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How to Eat Your Way to a Less Stressful Day Your diet might be making you more stressed out. Here's what to eat at every meal to help conquer your to do list with ease.

By Lisa Evans

entrepreneur daily

Opinions expressed by Entrepreneur contributors are their own.

As entrepreneurs, you're under an intense amount of pressure, the last thing you need is more stress caused by poor diet choices. Continual stress puts your body on a state of constant alert. You may find during high-stress periods that your energy production increases, your muscles tense and your heart rate is heightened.

"All systems are ramped up to deal with what our bodies perceive are physically dangerous situations," says Charlotte Watts, nutritional therapist and author of The De-Stress Diet (Hay House, 2008). While you may feel you're most productive when rushing to meet a deadline, putting your body in this "fight or flight" stage uses up a lot of energy and nutrients, compromising the health of your immune system, digestion and circulation and leaving you feeling depleted.

Eating a proper diet that aids the body manage stress symptoms can help keep you healthy and productive, even during these high-stress times.

Related: 7 Simple Ways to Relieve Stress Now

"How we start the day can set the scene for how we cope with its demands," says Watts. A high protein breakfast that contains some of all of the following-- eggs, goat cheese, meat and nuts, will provide nutrients that help sustain brain and body fuel. Add a fruit salad to stimulate digestion and detoxification to relieve stress on your digestive system.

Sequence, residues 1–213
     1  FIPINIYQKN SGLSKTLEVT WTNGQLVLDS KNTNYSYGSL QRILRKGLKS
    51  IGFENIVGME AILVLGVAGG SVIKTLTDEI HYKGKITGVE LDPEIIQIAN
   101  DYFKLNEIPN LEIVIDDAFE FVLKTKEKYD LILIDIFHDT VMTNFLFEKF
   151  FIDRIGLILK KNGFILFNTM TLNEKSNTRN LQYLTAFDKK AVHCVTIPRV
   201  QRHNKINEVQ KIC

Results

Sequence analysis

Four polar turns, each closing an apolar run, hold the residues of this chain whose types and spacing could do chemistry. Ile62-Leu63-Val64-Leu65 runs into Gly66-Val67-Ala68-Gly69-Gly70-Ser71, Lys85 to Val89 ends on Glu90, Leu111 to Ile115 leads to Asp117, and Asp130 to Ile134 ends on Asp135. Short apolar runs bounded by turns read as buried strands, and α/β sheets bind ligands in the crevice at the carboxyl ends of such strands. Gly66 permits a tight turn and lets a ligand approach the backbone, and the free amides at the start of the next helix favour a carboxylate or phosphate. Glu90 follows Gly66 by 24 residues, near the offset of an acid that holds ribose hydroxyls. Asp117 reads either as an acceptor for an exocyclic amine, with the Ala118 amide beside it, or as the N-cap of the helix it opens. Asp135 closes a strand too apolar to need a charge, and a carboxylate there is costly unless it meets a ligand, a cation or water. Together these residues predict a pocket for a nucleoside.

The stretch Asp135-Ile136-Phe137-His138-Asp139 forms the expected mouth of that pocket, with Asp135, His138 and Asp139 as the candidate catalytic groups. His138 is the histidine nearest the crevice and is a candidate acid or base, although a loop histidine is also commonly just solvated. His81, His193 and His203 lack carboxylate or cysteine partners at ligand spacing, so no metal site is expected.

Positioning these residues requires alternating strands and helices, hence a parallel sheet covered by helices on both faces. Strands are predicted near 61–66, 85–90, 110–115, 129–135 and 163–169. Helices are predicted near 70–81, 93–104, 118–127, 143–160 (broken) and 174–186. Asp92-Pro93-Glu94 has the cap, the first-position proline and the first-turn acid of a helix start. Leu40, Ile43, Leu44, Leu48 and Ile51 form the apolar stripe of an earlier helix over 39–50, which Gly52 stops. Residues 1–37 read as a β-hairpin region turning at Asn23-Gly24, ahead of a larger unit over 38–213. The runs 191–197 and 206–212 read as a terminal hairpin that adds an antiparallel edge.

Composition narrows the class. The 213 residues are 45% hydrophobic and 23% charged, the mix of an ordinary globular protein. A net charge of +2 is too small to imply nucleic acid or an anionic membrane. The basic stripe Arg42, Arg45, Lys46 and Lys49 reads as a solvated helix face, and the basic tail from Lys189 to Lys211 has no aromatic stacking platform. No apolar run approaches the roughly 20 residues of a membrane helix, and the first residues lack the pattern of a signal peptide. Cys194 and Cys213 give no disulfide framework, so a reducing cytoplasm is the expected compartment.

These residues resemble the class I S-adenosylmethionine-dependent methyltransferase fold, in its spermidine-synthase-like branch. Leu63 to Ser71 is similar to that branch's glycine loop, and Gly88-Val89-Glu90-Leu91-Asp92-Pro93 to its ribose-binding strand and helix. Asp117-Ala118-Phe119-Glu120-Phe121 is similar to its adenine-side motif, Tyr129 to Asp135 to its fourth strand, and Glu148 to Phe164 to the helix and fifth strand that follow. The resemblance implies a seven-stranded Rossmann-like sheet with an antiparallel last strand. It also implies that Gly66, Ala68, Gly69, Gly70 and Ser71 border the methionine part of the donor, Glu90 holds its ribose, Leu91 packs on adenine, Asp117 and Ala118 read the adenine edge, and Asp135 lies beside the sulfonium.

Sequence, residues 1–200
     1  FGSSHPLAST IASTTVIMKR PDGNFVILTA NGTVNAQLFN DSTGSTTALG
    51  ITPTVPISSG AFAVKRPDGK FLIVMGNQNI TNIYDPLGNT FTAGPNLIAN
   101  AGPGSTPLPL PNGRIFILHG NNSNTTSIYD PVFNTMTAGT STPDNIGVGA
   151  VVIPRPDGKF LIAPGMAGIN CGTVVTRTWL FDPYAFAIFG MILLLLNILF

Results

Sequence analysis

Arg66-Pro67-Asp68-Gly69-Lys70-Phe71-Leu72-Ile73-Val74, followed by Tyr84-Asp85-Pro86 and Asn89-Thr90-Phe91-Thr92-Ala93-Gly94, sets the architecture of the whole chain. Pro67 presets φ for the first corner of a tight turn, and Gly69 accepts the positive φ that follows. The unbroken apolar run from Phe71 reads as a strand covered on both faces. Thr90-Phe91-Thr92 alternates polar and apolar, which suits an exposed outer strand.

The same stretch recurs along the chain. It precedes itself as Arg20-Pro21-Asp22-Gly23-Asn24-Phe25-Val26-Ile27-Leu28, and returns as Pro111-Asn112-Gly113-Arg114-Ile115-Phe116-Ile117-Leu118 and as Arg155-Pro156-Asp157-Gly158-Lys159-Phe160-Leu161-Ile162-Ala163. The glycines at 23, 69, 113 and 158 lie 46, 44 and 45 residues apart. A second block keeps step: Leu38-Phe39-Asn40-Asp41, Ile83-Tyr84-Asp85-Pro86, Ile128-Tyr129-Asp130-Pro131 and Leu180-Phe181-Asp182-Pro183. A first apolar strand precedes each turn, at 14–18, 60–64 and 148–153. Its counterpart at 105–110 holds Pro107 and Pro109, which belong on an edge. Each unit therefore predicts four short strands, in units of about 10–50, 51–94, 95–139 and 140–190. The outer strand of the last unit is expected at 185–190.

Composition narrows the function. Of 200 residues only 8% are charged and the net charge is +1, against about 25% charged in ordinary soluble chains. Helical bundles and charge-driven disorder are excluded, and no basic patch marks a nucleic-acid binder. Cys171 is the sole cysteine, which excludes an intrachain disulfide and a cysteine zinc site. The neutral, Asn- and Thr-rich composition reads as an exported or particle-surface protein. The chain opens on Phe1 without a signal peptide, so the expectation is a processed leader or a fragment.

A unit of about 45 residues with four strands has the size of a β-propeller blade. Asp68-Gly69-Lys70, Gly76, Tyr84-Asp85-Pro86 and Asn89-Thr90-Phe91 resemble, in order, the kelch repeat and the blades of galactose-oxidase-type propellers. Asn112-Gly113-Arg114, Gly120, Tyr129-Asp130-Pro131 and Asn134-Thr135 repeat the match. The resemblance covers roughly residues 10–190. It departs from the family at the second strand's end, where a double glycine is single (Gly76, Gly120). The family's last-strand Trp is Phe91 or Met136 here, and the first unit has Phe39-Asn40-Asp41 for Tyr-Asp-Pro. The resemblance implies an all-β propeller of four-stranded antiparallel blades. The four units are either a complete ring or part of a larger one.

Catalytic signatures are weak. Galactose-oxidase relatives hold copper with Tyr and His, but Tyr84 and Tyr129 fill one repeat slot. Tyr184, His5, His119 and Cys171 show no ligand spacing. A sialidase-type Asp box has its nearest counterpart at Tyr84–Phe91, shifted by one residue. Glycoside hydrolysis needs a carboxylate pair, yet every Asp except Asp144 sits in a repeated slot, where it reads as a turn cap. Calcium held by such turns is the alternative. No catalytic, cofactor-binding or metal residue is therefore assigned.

A hearty salad with plenty of vegetables and a protein portion or a home-made stew with lots of vegetables is a good lunch option to satisfy your appetite and ensure a more productive and stress-free afternoon. Protein increases your energy levels while healthy fats such as olive oil, nuts or seeds help control your body's dopamine and serotonin levels, which control your mood and stress levels.

Do you get the mid-afternoon munchies? Go for snacks such as nuts and fruit that keep blood sugar levels even. "Almonds are high in calming magnesium and omega oils," says Watts. Celery is also a great snack to calm your mid-afternoon nerves. "[Celery] activates the parasympathetic calming tone of the nervous system, hence its traditional use as a sleep and high blood pressure remedy," says Watts. Avoid high-carb such as chips and crackers. While these may fill satisfy your growling stomach, but they rob us of nutrients and are full of empty calories.

Related: 7 Superfoods to Boost Energy Levels Now

After a stressful day, your body needs to relax. Watts recommends filling your plate with green vegetables to replenish minerals lost throughout the day. Vegetables such as broccoli, kale, cabbage and cauliflower aid in detoxification and provide natural carbohydrates that boost serotonin – the body's feel good hormone. These vegetables also have immunity-boosting powers to keep you from getting sick.

Every meal
Eat mindfully -- when planning your mealtimes, Watts says the most important element in staying stress-free is to eat mindfully. "Sitting down and chewing thoroughly is a crucial part of digesting and allowing mealtimes to be a part of your relaxation and not add to stress patterns," says Watts. So, step away from your computer and smartphone and take the time to enjoy your food.

Lisa Evans is a health and lifestyle freelance journalist from Toronto.

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